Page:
Stock market today: Asian shares mostly decline after Nasdaq ticks to a record high

Asian shares are mostly lower even as most U.S. stock indexes finished higher, especially technology issues like Nvidia

TOKYO (AP) — Asian shares mostly fell Tuesday, even as most U.S. stock indexes finished higher, especially technology issues like Nvidia.

Japan's benchmark Nikkei 225 rose 0.2% in early trading to 39,141.08. Australia's S&P/ASX 200 lost 0.2% to 7,851.90. South Korea's Kospi fell 0.4% to 2,732.26. Hong Kong's Hang Seng dove 2.1% to 19,233.09, while the Shanghai Composite shed 0.4% to 3,159.90.

In Asia, investors are focused on signs about the health of Chinese economy. S&P Global Market Intelligence raised this year's growth forecast to 4.8% from 4.7% in April, but stressed it was not overly optimistic.

“The overall outlook of a tepid economic recovery remains unchanged, with the expansion supported by enhanced policy stimulus, strengthening external demand and gradually improving private-sector confidence,” it said in a report.

Monday on Wall Street, the S&P 500 rose 0.1% to 5,308.13 and pulled within 0.02 of its record set last week. The Nasdaq composite gained 0.7% to 16,794.87 to set its own all-time high.

The Dow Jones Industrial Average slipped 0.5% to 39,806.77 in its first trading after closing above the 40,000 level for the first time on Friday.

Norwegian Cruise Line helped lead the market and steamed 7.6% higher after giving financial forecasts for the year that topped analysts’ expectations. It said demand is growing for cruises, and some of its competitors gained in its wake. Carnival rose 7.3%, and Royal Caribbean Group gained 4.1%.

All three of the big U.S. stock indexes set records last week in large part because of revived hopes that the Federal Reserve will be able to cut interest rates this year as inflation hopefully cools. More reports showing big U.S. companies are earning fatter profits than expected also boosted stock prices.

This upcoming week has few top-tier economic reports, like last week's headliner that showed inflation may finally be heading back in the right direction following a discouraging start to the year. But some potentially market-moving reports on corporate profits are on the calendar.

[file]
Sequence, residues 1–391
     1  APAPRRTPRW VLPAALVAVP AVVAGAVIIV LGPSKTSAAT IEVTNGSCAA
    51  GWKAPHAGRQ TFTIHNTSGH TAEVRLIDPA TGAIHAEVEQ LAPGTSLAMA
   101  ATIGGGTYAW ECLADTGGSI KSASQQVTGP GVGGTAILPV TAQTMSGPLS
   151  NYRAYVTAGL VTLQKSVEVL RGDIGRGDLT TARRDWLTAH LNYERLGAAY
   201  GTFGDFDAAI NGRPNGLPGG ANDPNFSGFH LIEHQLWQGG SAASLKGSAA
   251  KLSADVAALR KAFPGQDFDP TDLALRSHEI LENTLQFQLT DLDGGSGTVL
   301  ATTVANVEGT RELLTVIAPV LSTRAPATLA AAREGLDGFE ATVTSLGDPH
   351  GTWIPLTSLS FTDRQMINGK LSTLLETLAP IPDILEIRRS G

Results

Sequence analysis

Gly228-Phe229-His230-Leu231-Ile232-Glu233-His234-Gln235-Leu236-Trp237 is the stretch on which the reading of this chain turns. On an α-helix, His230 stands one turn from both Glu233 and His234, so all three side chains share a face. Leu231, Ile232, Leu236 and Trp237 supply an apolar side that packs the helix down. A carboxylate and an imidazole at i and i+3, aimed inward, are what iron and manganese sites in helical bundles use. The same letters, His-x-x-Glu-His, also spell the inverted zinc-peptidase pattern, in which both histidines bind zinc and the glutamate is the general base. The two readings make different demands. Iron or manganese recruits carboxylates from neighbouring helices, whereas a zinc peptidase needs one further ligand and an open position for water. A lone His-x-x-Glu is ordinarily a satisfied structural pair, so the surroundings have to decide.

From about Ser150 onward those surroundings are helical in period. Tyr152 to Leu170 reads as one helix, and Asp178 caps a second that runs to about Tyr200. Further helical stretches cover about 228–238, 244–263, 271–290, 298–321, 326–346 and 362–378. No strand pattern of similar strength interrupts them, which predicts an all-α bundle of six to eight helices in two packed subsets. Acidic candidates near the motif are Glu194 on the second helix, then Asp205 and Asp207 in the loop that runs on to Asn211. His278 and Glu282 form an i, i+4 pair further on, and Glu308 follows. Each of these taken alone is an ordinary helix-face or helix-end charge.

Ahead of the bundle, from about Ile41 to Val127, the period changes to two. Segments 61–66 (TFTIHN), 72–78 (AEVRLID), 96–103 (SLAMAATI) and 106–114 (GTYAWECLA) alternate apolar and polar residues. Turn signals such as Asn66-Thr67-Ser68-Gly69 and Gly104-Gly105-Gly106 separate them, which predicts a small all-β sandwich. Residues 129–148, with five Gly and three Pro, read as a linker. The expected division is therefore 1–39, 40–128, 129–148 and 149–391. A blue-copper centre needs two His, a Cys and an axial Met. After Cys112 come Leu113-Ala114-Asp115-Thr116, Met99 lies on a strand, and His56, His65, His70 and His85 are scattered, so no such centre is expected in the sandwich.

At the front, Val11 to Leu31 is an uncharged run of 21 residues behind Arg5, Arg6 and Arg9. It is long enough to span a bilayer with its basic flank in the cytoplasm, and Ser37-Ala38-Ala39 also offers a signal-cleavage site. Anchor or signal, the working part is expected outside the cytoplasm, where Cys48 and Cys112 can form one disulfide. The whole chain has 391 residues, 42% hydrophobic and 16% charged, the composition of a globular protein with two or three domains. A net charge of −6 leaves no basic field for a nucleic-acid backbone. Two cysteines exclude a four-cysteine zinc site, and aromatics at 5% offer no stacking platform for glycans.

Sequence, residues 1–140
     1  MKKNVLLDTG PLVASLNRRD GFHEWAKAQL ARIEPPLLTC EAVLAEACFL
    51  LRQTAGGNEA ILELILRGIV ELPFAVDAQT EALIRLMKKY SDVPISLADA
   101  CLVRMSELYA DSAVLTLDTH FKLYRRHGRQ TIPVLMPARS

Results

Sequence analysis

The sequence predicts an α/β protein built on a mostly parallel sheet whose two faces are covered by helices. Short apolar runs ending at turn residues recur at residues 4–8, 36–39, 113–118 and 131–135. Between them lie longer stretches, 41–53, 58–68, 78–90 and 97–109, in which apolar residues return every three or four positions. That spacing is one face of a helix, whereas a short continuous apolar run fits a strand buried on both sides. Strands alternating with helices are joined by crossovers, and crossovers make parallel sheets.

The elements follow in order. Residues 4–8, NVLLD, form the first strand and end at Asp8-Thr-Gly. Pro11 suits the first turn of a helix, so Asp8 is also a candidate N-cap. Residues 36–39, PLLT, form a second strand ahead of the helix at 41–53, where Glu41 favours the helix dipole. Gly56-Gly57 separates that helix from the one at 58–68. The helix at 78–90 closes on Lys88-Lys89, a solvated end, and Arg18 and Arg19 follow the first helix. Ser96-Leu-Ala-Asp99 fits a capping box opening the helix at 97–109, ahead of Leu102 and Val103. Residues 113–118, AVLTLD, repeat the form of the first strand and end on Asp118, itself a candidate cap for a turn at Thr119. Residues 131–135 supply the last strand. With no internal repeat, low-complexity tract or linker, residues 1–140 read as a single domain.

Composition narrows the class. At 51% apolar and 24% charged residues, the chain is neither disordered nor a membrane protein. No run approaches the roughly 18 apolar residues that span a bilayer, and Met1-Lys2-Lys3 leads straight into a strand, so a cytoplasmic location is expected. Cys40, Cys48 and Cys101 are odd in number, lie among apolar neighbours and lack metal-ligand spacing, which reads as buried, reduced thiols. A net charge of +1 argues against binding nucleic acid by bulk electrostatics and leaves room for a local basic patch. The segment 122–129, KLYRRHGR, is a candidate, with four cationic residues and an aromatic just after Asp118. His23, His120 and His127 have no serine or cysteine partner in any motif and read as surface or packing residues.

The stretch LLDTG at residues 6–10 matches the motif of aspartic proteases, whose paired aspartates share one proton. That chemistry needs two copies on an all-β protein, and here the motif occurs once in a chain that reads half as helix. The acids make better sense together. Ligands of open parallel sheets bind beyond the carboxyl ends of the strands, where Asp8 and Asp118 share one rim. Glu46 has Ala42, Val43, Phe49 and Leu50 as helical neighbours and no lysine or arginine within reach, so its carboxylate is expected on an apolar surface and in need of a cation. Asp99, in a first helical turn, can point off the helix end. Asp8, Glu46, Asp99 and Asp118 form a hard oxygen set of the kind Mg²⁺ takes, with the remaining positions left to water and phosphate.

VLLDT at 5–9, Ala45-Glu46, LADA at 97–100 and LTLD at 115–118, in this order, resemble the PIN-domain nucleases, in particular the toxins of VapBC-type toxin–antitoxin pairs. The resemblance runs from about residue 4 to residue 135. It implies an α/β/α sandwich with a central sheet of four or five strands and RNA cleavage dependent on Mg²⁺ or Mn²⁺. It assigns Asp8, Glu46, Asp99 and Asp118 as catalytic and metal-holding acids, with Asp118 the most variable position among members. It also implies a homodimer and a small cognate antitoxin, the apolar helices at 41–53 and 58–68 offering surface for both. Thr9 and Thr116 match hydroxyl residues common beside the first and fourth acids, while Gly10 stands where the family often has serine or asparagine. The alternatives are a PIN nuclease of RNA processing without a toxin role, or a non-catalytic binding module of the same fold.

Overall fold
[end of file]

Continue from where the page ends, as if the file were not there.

Atop them all is Nvidia, whose rocket ride amid a frenzy around artificial-intelligence technology has been a major reason for the S&P 500's gains over the last year. It will report its latest quarterly results on Wednesday, and expectations are high. Analysts are forecasting its revenue more than tripled to $24.59 billion from a year earlier.

Its stock climbed 2.5% to bring its gain for the year so far to 91.4%.

Several retailers are also on the schedule, including Lowe's on Tuesday, Target on Wednesday and Ross Stores on Thursday. They could offer more details on how well spending by U.S. households is holding up. Pressure has been rising on them amid still-high inflation, even if it's not as bad as before, and cracks seem to be most visible among the lowest-income customers.

In the bond market, yields ticked a bit higher. The yield on the 10-year Treasury rose to 4.44% from 4.42% late Friday. The two-year yield, which more closely tracks expectations for Fed action, ticked up to 4.84% from 4.83%.

The Federal Reserve on Wednesday will release the minutes from its latest meeting, where it again held its main interest rate at the highest level in more than two decades. The hope is that the Fed can manage the delicate balancing act of grinding down the economy through high interest rates by just enough to get inflation under control but not so much that it causes a painful recession.

Traders are putting an 88% probability on the Fed cutting its main interest rate at least once this year, according to data from CME Group.

In other trading, benchmark U.S. crude fell 40 cents to $79.40 a barrel. Brent crude the international standard declined 36 cents to $83.35 a barrel. There were some gains earlier following the death of Iran's president in a helicopter crash.

The U.S. dollar edged up to 156.47 Japanese yen from 156.27 yen. The euro cost $1.0855, down from $1.859.


AP Business Writer Stan Choe contributed.

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